is estimated to be $94.2 million. This equates to a per-contract 
burden of $6,662/year. The estimated burden for the TDR information 
collection is $9.2 million/year for the 2,063 contracts 
participating in the FSS pilot; this equates to a per-contract the 
burden of $4,483/year. The estimated $30.8 million/year burden 
reduction is calculated by taking the updated 3090-0235 burden 
estimate ($94.2 million/year) and subtracting the product of the 
number of contracts included in 3090-0235 multiplied by the average 
per-contract burden of TDR (14,152 contracts x $4,483), which equals 
$63.4 million/year ($94.2M--$63.4M = $30.8M). More information about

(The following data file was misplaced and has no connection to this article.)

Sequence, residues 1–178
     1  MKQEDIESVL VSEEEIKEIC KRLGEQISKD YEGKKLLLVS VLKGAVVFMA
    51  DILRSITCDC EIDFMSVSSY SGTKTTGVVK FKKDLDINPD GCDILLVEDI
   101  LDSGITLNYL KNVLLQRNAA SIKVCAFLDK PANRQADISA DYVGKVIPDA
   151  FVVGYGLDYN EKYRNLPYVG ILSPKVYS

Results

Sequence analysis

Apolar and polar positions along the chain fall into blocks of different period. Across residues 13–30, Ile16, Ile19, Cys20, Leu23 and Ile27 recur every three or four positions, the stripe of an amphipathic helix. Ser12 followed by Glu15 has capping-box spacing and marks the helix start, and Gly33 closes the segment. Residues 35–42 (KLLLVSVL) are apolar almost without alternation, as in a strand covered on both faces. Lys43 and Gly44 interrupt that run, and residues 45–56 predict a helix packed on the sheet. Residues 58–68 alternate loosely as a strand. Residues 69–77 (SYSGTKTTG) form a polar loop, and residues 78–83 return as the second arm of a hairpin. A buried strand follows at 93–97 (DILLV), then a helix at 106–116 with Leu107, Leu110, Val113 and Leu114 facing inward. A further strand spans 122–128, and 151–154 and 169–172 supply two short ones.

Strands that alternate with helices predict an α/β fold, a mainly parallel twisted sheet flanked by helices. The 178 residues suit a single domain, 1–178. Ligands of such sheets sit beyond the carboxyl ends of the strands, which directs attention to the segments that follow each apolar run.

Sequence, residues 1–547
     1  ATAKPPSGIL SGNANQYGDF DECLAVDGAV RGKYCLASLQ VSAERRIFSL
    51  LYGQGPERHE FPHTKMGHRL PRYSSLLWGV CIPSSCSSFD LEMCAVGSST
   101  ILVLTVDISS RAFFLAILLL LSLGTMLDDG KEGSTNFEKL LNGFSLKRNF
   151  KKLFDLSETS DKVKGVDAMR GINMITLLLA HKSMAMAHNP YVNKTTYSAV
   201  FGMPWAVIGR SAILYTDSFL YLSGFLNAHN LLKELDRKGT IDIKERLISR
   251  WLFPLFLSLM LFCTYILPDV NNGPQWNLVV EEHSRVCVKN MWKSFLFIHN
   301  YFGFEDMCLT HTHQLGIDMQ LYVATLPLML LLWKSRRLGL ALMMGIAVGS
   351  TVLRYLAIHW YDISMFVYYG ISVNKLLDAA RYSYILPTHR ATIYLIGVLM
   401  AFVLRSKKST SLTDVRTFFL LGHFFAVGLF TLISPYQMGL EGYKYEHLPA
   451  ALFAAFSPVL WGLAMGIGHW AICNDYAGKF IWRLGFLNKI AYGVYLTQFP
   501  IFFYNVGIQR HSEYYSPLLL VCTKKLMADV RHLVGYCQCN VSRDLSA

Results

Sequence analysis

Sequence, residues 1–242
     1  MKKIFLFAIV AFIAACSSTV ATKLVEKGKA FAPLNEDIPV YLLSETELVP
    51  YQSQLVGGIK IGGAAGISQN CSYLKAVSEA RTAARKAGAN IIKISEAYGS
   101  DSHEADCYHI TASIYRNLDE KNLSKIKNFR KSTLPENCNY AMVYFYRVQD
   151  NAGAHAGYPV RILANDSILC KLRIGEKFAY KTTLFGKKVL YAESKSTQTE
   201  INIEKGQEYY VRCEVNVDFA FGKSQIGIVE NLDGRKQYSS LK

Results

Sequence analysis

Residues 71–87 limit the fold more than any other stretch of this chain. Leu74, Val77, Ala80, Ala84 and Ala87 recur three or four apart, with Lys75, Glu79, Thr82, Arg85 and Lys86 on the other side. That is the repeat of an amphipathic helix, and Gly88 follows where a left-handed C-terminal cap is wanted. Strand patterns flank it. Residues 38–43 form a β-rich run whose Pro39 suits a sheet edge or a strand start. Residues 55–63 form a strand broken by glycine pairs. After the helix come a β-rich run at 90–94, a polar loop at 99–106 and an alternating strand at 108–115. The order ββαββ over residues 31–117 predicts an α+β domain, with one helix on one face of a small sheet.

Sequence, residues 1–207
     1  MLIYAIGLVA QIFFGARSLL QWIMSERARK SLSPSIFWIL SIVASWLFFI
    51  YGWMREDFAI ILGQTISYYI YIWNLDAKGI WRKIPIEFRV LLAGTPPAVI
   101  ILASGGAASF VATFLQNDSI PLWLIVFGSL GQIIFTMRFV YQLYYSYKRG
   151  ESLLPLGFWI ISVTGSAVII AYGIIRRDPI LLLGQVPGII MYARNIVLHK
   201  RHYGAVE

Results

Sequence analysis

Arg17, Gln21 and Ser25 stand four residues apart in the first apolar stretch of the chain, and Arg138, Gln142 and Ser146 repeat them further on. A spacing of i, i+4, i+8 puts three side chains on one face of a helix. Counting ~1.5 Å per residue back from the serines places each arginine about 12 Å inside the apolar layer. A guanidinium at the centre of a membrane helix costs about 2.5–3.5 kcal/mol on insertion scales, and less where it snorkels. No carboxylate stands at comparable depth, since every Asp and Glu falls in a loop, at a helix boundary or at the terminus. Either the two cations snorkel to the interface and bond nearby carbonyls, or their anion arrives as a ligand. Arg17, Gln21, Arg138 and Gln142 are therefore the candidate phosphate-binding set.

the TDR burden can be found under Information Collection 3090-0306 
at http://www.reginfo.gov/public by searching ``ICR'' for ``3090-
0306''.
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    The Paperwork Reduction Act generally requires information 
collections to be renewed every three years.\4\ Both this information 
collection (OMB control number 3090-0235) and the Transactional Data 
Reporting information collection (OMB control number 3090-0306) were 
last approved in 2016, so GSA is now obtaining extensions to both 
information collections. Additionally, GSA is consolidating a separate 
information collection for IFF and sales reporting (OMB control number 
3090-0121) with this information collection because the burdens are 
interdependent.
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    \4\ 44 U.S.C. 3507(g)
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    This request for comments only pertains to the information